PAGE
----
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J Hepatol. 2004 Aug;41(2):307-11.

Evaluation of donor hepatic iron concentration as a factor of early fibrotic progression after liver transplantation.

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  • 1Liver Transplantation Unit, DPMSC, University of Udine, Udine, Italy.



Hepatic iron may act as an important co-morbid factor in non-hemochromatotic liver diseases, but whether it may favour fibrogenesis after liver transplantation is not known. To verify whether the hepatic iron concentration of the graft might play a role in the rapid fibrotic progression frequently observed after liver transplantation for chronic hepatitis C.


The hepatic iron concentration, measured at the time of the donor operation, was retrospectively related to the histological follow-up data of 68 recipients (49 males, 19 females), of whom 38 were hepatitis C virus positive.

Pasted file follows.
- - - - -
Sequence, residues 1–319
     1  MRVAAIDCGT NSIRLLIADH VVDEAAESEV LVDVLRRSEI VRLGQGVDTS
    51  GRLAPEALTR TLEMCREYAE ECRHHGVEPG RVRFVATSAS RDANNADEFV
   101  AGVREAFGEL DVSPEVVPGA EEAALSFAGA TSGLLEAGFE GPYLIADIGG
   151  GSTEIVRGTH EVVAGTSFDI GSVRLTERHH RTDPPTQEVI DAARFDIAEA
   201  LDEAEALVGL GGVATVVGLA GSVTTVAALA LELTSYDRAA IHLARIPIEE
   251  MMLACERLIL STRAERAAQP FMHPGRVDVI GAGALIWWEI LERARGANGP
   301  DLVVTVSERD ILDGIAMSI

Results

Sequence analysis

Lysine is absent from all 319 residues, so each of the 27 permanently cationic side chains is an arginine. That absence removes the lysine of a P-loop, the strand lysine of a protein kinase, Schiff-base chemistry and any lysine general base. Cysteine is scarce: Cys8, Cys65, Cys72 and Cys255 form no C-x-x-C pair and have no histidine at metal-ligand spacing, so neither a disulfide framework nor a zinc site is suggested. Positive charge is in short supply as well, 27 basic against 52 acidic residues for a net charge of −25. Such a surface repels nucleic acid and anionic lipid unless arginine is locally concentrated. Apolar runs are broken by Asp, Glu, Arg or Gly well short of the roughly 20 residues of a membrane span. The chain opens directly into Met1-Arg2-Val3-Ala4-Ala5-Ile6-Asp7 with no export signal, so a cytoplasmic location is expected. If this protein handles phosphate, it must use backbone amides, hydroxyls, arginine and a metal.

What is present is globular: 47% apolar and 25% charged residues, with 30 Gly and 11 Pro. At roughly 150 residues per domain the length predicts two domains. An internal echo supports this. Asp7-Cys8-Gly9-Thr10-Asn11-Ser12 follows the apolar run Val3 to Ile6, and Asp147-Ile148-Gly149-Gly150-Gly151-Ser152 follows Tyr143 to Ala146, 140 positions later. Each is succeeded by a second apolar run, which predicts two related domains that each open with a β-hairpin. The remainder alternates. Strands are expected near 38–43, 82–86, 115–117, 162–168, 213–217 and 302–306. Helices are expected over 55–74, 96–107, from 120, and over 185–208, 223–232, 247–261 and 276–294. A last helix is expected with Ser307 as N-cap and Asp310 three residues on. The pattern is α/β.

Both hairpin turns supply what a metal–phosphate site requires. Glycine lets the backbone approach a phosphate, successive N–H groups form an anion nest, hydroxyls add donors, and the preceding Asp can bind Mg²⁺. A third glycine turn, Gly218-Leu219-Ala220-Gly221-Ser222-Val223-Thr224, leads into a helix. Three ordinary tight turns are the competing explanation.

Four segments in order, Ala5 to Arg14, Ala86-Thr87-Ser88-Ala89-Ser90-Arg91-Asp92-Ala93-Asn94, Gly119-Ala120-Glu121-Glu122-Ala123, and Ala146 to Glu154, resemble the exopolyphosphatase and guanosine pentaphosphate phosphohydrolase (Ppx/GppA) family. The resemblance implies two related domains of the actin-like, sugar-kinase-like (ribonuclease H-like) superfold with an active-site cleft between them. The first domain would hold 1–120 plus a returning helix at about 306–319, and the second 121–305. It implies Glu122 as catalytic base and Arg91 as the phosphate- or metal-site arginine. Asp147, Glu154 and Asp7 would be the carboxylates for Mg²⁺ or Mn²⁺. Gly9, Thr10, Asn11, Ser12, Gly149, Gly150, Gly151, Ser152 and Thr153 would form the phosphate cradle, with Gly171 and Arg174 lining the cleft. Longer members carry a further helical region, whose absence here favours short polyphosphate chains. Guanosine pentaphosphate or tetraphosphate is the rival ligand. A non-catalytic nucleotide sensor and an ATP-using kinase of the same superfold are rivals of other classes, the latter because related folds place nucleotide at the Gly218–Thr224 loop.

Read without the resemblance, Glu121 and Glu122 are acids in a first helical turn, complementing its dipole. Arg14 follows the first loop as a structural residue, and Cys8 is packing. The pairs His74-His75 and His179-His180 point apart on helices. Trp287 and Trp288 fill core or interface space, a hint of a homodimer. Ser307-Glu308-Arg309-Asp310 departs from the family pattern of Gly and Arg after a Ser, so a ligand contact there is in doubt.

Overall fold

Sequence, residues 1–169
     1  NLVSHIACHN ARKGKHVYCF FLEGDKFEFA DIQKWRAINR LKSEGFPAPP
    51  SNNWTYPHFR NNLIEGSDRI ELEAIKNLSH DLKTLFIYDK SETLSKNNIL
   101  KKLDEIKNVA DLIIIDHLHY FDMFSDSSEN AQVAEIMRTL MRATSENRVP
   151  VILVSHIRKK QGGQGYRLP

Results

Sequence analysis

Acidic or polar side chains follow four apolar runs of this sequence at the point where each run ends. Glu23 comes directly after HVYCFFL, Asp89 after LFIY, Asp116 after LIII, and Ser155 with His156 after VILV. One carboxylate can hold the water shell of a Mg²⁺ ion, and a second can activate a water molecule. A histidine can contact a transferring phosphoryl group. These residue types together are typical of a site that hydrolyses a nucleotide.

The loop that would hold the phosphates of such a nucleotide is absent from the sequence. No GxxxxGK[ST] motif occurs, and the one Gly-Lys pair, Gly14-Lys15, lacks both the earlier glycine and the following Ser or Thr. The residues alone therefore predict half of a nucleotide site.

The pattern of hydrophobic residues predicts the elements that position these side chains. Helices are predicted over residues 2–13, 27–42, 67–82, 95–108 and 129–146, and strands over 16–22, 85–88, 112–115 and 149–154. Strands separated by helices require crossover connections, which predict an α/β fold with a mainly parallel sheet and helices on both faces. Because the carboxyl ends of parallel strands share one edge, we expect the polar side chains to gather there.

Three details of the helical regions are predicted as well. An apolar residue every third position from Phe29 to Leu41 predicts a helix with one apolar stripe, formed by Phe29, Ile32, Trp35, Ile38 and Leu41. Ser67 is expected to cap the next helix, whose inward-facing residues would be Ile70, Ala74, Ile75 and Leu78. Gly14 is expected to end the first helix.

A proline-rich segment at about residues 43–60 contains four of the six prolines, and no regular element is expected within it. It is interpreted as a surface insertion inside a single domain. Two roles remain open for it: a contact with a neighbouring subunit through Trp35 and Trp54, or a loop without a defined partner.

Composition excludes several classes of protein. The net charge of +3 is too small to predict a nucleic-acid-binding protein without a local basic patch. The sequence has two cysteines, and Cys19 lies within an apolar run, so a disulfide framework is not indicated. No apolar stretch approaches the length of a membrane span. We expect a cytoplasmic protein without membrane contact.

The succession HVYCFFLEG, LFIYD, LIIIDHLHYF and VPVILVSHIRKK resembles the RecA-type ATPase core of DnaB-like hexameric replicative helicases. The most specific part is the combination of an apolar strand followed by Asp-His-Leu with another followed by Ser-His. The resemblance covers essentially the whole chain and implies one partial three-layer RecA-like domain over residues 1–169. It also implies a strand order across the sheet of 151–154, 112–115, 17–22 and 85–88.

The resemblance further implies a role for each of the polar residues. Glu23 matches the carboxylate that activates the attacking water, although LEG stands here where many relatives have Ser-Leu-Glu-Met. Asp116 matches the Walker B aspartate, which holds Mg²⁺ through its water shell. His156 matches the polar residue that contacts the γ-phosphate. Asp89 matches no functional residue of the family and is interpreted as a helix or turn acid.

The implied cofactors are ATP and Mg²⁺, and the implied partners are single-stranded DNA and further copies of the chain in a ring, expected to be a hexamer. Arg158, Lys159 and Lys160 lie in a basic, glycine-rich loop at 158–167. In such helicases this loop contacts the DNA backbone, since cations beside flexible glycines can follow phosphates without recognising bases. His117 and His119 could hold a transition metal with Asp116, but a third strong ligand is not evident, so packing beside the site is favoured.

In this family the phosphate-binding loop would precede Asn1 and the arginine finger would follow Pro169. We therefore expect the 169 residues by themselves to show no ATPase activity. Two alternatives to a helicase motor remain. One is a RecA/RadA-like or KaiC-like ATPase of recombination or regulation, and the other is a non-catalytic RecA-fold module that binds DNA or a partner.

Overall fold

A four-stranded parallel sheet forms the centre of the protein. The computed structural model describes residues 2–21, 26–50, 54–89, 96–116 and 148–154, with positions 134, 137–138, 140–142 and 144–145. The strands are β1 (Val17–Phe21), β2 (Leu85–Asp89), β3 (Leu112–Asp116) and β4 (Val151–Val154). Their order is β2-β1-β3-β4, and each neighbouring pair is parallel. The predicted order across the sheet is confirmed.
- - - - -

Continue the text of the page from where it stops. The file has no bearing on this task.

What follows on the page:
The hepatic iron concentration in donor liver biopsies ranged from 25 to 7,100 microg/gdw. After a median follow-up of 19 months, nine patients (five HCV positive) had a staging score >3. There was a significant association between a higher frequency of increasing staging and donor age >50 years. In female HCV-positive recipients, a graft hepatic iron concentration >1,200 microg/gdw was associated with fibrosis progression >0.15 fibrosis units per month (4/4 vs. 1/7, p<0.01).


The graft hepatic iron concentration may be one of the factors involved in early fibrosis progression due to recurrent hepatitis C in female recipients.

[PubMed - indexed for MEDLINE]
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